It has thus taken upon itself the responsibility for a breach in the fortress of chastity and morality of young children, a terrible mistake which, if not quickly rectified, is likely to bring irreparable harm, G-d forbid.
Needless to say, the financial argument that it is more expensive to run separate classes for boys and girls is not an argument at all, as the matter vitally concerns the future of many children; even if the future of a single child were involved, money would be no consideration, as our Sages say, "He who saves one life is deemed to have saved a whole world."
- It is also self-evident that one of the main purposes of the yeshivah is to prepare the Jewish child for life in an environment in which Jews form a minority.
Jews have always been "the smallest among the nations," but our strength does not lie in numbers. It is the Jewish way to be a "kingdom of priests and a holy nation." Living according to our holy Torah, adhering to and practicing the high standards of our mitzvoth (commandments) in our everyday life, has made us "different," but herein lies our strength, and this is what has preserved us through the ages.
This Jewish consciousness and rightful pride in our destiny has to be implanted in our children from their earliest formative years, and the vital importance of it cannot be over-emphasized.
The fact that we live in a democratic country, with a full measure of freedom, makes such Jewish consciousness even more imperative, for being a small percentage of the total population, the forces of assimilation assert themselves more strongly than elsewhere.
It is the duty of the yeshivah to remove from the child any vestige of inferiority complex about his Jewishness in a predominantly non-Jewish environment he may have, until he grows up to understand that democracy and freedom are not a cauldron of assimilation, but rather the contrary: they offer the possibility for everyone to take his place, enjoy his rights and live according to his faith one hundred percent, and the opportunity to the Jew to fulfill his life's destiny.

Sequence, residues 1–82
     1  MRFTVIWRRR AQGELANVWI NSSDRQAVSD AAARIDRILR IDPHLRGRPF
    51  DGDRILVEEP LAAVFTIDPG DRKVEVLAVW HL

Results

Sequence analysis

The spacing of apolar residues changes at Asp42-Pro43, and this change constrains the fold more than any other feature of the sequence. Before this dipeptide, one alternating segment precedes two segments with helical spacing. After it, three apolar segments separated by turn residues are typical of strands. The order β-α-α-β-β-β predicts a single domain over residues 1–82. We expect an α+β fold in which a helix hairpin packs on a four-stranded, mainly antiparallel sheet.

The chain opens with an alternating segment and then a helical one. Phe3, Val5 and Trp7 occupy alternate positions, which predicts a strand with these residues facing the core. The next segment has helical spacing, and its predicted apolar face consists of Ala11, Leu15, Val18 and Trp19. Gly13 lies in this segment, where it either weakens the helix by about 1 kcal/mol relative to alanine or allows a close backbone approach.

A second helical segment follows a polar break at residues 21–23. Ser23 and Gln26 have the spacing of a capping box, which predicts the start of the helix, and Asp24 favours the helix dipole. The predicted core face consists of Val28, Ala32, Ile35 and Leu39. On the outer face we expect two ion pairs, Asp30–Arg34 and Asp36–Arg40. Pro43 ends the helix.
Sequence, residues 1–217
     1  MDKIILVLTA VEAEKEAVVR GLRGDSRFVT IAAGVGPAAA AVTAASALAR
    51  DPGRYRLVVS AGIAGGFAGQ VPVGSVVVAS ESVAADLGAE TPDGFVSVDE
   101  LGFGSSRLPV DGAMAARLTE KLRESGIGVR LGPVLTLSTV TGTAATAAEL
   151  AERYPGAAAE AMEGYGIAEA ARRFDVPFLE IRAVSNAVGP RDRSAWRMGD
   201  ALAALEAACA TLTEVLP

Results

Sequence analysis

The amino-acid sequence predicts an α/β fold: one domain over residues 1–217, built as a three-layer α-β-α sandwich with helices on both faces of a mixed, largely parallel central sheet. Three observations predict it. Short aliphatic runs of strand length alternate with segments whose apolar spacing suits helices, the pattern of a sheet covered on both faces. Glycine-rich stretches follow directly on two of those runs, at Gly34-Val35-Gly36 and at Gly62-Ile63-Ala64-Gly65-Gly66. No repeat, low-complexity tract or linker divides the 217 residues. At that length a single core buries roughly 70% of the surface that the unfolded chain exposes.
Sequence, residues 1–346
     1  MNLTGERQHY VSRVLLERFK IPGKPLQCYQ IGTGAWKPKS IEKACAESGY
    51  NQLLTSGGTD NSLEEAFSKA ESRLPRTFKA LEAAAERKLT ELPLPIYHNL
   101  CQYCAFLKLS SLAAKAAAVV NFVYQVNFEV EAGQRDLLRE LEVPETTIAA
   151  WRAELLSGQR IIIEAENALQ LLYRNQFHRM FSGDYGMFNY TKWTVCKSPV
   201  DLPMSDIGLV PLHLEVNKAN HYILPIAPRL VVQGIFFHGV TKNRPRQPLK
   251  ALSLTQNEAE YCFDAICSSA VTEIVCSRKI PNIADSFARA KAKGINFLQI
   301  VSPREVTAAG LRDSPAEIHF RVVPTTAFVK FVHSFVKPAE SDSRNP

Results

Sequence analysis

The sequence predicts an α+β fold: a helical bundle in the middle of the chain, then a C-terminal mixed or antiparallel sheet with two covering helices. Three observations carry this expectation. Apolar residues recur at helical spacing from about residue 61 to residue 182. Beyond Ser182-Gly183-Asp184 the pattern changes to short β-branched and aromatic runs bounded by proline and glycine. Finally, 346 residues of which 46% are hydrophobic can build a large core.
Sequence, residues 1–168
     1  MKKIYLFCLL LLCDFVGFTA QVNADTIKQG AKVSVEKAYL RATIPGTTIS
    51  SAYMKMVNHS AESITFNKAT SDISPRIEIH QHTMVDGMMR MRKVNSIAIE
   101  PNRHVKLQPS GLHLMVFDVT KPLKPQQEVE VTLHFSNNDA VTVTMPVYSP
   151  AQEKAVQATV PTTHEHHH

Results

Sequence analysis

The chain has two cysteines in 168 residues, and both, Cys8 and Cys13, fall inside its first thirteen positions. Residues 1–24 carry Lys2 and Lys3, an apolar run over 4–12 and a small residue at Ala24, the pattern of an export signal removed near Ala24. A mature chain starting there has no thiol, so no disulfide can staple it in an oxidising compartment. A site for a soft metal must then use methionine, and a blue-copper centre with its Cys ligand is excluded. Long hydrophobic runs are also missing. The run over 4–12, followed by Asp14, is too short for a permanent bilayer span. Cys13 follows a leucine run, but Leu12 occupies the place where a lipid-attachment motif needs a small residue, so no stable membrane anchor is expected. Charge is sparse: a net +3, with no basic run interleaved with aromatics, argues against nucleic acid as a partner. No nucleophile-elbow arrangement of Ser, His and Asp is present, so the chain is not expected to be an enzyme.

(Incidentally, this is also a better way to win the respect of one's gentile neighbors, rather than by attempts to emulate them and invade their privacy, their religious customs, etc.)
- With the above truth in mind, it has been a basic principle in all institutions founded by my father-in-law, of saintly memory, and in others to which his influence extended, to set up a system whereby the sacred Jewish subjects are taught in the morning and the secular subjects in the afternoon.
Apart from the fact that the child's mind is more receptive and retentive in the morning, there is the basic principle of impressing upon the child the order of importance of these two departments, namely, that the Torah and Jewish way of life come first and foremost. Only in this way can he be brought up to properly appreciate his great Jewish heritage, and with pride and fortitude face any challenge he may encounter as a Jew.
It is therefore very painful to learn that the yeshivah has disregarded this vital principle, and that in certain classes, at any rate, the order has been reversed...
There are other points which call for correction, but the above three should suffice to induce some self-searching and reflection on the vital issues at stake.